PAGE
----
Rory followed his impulses, was a restless mind, and had an enviable creativity that did not reject any occasion to extend its expression. The band recorded without pretensions, in terms of time that nowadays are ridiculous. Thus, that same year, 1971, released to the market his second recording in solitaire, “Deuce”, that conserves the freshness of its predecessor and it is based on such postulated: simplicity and emotion. The production is again the responsibility of the very own Rory, that’s reason why there is no affectation at all, and the songs flow in a very straight and essential way, lacking of any ornamental interference.

In order to reflect the superb mutual understanding that summarizes the trilogy, “Live In Europe” (1972) is published, superb collection of themes that offers the opportunity to verify to which level the strength unleashed in Taste gains in registries and purification. No longer are three guys playing blues poisoned with the volume to its maximum, now things are planned and executed precisely. The rhythmical base is literally overwhelming: the drumsticks of Wilgar are fired like lightning, building with the four cords of McAvoy a powerful base above which, voice and guitar can culminate their intensity. Atomic versions of “Laundromat”,“In your town ", the classic of Junior Wells “Messin' with the kid”, traditional crawling and monochrome blues, folk Irish allied with rock'n'roll, country and western… everything in a fusion that results in a stimulating live work that stayed as one of best records of Gallagher.The same year, 1972, drummer position is empty again and Rod de’Ath occupies it, a man who for many -but not for me- surpasses in forcefulness the glamorous vitality of Wilgar Campbell. And they add as fixed member the keyboardist Lou Martin, who, as well as the drummer, comes from the great Killing Floor. With this line-up “Blueprint” (1972) is published, and “Tattoo” a year later, robust works, chiseled with skill and good pulse. In 1974 will see the light a corrosive, drilling double live LP that supposes the end of the Polydor time: “Irish Tour 74 ". Pure guts.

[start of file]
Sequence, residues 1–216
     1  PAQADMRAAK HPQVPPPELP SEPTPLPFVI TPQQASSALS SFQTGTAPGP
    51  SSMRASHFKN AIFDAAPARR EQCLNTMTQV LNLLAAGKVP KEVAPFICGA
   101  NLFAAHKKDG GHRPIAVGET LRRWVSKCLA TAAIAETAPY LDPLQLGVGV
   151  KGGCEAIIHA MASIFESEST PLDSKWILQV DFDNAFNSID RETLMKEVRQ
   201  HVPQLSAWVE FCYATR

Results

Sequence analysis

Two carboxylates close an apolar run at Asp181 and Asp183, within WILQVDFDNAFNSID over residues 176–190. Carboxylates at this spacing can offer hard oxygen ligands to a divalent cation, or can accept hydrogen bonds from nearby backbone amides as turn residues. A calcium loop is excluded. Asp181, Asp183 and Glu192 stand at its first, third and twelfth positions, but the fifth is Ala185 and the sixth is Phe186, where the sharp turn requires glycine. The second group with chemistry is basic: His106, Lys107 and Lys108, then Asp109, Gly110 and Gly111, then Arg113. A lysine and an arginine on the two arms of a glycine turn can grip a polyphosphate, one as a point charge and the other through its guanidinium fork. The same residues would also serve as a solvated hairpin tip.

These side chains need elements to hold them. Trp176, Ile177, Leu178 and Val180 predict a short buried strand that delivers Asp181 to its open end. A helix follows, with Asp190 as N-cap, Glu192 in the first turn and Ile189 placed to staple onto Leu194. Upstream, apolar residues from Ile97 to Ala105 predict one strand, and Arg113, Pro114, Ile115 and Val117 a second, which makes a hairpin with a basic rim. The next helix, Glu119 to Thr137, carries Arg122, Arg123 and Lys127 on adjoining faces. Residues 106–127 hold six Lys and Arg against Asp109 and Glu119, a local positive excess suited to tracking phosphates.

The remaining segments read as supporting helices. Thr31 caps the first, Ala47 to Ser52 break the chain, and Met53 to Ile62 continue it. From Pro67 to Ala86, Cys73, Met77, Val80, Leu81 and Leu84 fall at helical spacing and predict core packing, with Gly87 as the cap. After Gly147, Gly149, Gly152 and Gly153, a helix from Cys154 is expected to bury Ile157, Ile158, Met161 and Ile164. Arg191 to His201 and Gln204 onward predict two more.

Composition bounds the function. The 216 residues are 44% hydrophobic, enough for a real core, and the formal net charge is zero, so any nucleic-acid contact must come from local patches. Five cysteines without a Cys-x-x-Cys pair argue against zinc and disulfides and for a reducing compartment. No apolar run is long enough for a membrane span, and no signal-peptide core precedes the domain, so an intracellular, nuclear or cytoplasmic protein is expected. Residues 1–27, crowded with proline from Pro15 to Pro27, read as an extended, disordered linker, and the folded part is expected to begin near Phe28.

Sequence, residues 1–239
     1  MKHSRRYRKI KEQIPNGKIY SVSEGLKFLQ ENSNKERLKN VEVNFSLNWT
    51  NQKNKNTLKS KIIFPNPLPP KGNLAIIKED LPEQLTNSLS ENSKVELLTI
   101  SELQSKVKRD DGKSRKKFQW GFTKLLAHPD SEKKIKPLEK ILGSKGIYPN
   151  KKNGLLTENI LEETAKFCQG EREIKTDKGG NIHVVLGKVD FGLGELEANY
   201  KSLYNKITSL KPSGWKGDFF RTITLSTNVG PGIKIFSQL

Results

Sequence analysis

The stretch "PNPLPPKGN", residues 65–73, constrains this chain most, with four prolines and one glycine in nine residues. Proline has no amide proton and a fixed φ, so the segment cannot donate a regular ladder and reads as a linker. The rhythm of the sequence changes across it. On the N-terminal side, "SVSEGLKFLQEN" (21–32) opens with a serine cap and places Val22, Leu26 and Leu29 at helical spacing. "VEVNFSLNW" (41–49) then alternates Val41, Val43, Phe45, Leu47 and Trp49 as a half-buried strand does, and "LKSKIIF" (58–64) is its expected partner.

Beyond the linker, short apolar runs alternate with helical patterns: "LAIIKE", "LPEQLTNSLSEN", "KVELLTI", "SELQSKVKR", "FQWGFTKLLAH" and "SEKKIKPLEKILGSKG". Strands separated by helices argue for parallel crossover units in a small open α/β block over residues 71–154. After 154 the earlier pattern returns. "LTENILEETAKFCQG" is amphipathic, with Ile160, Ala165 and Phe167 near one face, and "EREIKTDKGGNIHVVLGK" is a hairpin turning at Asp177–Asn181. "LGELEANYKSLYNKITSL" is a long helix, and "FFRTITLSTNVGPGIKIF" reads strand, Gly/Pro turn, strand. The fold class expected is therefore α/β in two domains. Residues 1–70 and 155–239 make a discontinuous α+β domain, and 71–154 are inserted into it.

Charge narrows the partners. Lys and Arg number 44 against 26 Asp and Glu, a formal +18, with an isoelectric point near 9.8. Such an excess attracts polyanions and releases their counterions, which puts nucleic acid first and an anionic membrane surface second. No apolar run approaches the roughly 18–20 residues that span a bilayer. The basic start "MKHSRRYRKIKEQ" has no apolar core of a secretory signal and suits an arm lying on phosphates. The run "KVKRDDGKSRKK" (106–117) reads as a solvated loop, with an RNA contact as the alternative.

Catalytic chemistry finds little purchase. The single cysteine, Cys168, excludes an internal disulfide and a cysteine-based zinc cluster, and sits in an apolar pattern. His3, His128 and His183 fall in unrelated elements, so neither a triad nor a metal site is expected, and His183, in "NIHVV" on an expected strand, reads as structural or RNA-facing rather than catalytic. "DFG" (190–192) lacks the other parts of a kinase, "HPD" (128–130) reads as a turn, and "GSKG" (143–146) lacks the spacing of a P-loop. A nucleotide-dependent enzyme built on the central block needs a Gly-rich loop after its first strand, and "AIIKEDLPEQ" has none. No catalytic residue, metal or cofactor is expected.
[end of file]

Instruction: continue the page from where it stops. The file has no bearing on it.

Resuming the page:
With a new contract that links him to Chrysalis, the band publishes  “Against The Grain” in 1975. The repertoire includes radiating readings of Bo Carter, Leadbelly and Isaac Hayes, also a concrete approach towards the heavy-rock, which implants a greater field of action to those distorted riffs. As suggestion of the record company, Rory yields the workings of production in “Calling Card” (1976) to Roger Glover, bassist of Deep Purple and reputed studio man. The disc is recorded in Musicland studies in Munich and represents his less compressed and roaring creation. This domestication orients the sound towards more smooth and refined channels. The guitar picking sound inlaid in the context, deal with greater harmony; the piano becomes protagonist, and the voice is even calmed, is not so pungent or harsh. New jazz approaches are revealed, mainly in the subject that titles the LP. The atmospheres are more relaxed, the shades are outlined with greater precaution, and the resulting album is a different, less elitist, of a pronounced intimacy.   The experience shouldn’t have been very positive, because Rory returns to its original formula: discards the piano and hires for drums somebody who recovers Campbell’s adrenalin. The hired is Ted McKenna, ex- Alex Harvey Band. The power trio concept becomes the protagonist again and next the three discs will be hard-rock demolishing attacks. “Photo-Finish” (1978) is a tremendous outbreak of strength; amphetamine boogie erected over a heavy sound those impacts by its purity and emotion. This strong album has like descendants: “Top Priority” (1979), the last brilliant disc of the furious Irish, a sticky, electrifying rock flame that incinerates the soul. As finishing touch, “Stage Struck” (1980), a live one documenting the extraordinary power of the trio. Of its remaining discs, only “Jinx” (1982) it maintains the bar raised, because the coming years will be irregular, with an absolute reduction of popularity and a Rory Gallagher who already never replenished the force of his own legend.  

Alcohol, always a present companion, finally took its toll in 1995. Since then nobody has fill the emptiness left for a guy that once refused to be united to the Rolling Stones, one that always maintained an unbreakable faith in its music. Its legacy recently was dusted off in new remastered editions with additional themes, even being published full sessions for the BBC dated in 1978. Be worth these lines like delayed tribute to a musician who never gave up. Cheers pal.

This article comes from the March 2000 issue the Spanish magazine, Ruta 66
Thanks to Hugo Angel for translating this article. Check out Hugo's Rory Blog
reformatted by roryfan
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added 4/6/08